that I feare to ouerlay thys our volume with heapes of foreine histories, which haue professed chiefly to entreat of Actes and monumentes here done at home: MarginaliaThe turkes doyng requisite to be knowen of Christians. I would adioyne after these Popes aboue rehearsed, some discourse also of the Turkes story: of their rising, and cruell persecution of the sainctes of God, to the great anoyance and perill of Christendome: yet notwithstandyng certaine causes there be whiche necessarely require the knowledge of their order and doynges, and of theyr wicked procedynges, their cruell tyranny, and bloudye victories, the ruine & subuersion of so manye Christen Churches, with the horible murders and captiuitie of infinite Christians, to be made playne and manifest, as well to this our countrey of England, as also to other nations:

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MarginaliaThe first cause. First for the better explainyng of the Prophecies of the new Testament, as in S. Paules Epist. ad Thessall. and also in the reuelations of S. Iohn. Whiche Scriptures otherwise, without the opening of these historyes, can not so perfectly be vnderstand. Of the whiche Scriptures wee minde hereafter (Christ graunting) orderly, as the course of matter shall leade vs, to make rehearsall.

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MarginaliaThe second cause. An other cause is, that we may learne thereby, either with the publique Churche, to lament with our brethren such a great defection and decay of Christian fayth, through these wicked Turkes: or els may feare thereby our owne daunger.

MarginaliaThe thyrd cause. The thyrd cause, that we may põder more depely with our selues, the scourge of God for our sinnes, and corrupt doctrine, which in the sequele hereof, more euidently may appeare to our eyes, for our better admonition.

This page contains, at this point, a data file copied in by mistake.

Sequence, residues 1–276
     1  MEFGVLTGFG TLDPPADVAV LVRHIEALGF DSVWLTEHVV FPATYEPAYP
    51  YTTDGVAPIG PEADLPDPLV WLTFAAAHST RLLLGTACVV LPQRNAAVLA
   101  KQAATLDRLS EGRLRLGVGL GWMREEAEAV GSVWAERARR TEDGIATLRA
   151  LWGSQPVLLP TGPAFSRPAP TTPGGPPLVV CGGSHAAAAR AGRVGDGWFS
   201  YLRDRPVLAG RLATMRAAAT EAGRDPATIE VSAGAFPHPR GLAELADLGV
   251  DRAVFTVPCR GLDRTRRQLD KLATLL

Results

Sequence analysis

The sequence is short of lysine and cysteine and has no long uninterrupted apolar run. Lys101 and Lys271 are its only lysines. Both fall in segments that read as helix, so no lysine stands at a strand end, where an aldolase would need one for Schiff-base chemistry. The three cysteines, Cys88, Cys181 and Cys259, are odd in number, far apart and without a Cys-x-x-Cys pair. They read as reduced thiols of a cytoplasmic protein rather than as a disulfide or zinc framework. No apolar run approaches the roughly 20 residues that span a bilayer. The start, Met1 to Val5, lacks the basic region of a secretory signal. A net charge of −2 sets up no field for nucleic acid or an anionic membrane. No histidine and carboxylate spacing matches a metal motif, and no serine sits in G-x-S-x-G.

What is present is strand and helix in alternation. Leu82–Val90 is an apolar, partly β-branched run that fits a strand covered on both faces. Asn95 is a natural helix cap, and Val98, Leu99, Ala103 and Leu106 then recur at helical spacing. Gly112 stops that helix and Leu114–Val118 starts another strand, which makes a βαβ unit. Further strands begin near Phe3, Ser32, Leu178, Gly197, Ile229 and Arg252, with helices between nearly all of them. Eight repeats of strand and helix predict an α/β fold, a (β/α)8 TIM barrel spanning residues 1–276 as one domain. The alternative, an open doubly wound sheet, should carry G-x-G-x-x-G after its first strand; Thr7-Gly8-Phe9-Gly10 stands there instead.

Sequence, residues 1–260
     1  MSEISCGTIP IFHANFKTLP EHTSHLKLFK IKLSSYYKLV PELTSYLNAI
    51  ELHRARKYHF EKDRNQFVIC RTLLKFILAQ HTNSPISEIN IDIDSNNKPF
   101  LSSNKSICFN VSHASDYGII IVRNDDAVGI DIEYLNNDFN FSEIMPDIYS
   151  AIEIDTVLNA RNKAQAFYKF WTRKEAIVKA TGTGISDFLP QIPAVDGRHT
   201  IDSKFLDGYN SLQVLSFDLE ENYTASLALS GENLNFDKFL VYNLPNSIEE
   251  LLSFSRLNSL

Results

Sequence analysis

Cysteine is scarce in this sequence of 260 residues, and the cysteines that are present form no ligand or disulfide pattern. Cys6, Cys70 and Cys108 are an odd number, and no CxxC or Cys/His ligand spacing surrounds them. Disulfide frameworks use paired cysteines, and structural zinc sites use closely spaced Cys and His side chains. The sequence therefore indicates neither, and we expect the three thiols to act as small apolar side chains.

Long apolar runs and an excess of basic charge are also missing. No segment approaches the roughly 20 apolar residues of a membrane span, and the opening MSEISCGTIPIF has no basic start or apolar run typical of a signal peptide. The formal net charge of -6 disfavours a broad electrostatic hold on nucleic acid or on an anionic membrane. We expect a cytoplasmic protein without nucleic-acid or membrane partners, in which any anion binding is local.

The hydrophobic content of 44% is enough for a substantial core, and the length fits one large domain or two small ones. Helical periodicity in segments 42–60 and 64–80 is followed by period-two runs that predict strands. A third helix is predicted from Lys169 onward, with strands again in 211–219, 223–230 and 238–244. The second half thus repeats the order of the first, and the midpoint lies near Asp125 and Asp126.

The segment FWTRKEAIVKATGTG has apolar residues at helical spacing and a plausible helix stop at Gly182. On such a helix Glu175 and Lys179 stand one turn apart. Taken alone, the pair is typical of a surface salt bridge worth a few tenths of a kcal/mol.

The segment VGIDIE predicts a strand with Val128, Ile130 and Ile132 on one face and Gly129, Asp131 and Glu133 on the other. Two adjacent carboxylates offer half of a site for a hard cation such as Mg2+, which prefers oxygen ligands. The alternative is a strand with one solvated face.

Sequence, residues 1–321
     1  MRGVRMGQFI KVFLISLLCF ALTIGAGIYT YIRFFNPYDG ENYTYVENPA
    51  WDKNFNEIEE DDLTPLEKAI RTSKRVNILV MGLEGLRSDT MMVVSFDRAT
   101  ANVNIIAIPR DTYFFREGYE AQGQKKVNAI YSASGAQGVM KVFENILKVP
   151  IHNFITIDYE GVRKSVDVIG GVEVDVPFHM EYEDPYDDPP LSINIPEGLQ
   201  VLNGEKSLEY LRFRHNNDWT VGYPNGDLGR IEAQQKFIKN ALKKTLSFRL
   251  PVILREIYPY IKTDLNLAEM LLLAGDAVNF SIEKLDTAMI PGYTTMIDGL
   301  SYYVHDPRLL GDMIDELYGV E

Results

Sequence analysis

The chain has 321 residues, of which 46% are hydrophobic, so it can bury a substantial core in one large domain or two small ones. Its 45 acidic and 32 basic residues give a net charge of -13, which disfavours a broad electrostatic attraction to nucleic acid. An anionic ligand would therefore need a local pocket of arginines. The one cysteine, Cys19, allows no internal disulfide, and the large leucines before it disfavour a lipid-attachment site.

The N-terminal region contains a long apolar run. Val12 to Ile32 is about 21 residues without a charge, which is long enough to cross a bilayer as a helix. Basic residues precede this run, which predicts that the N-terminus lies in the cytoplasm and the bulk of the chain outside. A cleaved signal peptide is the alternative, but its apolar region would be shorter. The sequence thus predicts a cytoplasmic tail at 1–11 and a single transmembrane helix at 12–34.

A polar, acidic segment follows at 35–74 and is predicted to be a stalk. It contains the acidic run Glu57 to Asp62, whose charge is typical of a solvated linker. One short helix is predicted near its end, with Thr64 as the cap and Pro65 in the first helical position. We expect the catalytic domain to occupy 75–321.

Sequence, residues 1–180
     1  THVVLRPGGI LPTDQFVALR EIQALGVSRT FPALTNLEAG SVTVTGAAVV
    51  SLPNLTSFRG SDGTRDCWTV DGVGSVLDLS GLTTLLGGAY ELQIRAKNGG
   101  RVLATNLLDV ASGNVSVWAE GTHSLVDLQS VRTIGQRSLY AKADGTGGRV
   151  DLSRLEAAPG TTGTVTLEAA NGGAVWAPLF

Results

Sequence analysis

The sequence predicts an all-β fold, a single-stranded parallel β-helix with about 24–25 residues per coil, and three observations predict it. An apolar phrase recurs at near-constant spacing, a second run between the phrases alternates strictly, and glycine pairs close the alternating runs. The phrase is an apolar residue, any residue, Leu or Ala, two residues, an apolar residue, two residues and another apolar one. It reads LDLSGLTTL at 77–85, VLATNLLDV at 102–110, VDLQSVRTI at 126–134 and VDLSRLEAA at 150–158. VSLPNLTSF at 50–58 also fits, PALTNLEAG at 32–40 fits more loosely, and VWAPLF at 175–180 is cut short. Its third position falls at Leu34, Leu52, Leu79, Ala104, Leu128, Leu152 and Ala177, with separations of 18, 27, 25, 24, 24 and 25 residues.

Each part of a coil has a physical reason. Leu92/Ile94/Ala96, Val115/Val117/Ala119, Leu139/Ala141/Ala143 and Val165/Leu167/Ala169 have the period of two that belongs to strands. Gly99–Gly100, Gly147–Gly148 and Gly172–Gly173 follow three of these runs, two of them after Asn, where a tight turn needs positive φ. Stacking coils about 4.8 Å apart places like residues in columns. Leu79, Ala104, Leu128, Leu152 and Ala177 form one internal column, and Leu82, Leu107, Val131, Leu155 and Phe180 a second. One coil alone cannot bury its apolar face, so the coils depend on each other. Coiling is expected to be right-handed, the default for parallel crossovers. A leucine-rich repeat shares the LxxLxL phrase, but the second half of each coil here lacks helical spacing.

MarginaliaThe fourth cause. Fourthly, the consideration of this horible persecution of the Turkes, rising chiefly by our discorde and dissention among our selues, may reduce vs agayne from our domesticall warres, in killing and burning one of another, to ioyne together in Christian patience and concord,

MarginaliaThe fift cause. V. but chiefly these great victories of the Turkes and vnprosperous speede of our men fightyng agaynst them, may admonish and teach vs, followyng the example of the old Israelites, how to seke for greater strength to encounter wyth these enemies of Christ, then hitherto we haue done. Fyrst, we must consider, that the whole power of Satan, the prince of this world, goeth wyth the Turkes. Which to resiste, no strength of mans arme, is sufficient, but onely the name, spirite, and power of our Lord Iesus the sonne of God, goyng with vs in our battayles, as among the olde Israelites, the Arcke of Gods couenaunte and promise went wyth them also, fightyng agaynst the enemies of God. For so are we taught in Scripture, that we christen men haue no strēgth, but in Christ onely. MarginaliaAdmonition to fight agaynst the turke. Whether we warre agaynst the deuil, or agaynst the Turke, it is true that the Scripture sayth: Sine me nihil potestis facere. i. without me you can doe nothing. Otherwise there is no puissãce to stãd agaynst þe deuil or to conquere the world, Nisi fides nostra: MarginaliaChristian fayth necessary to be ioyned with outwarde force against the turke. that is, our fayth

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onely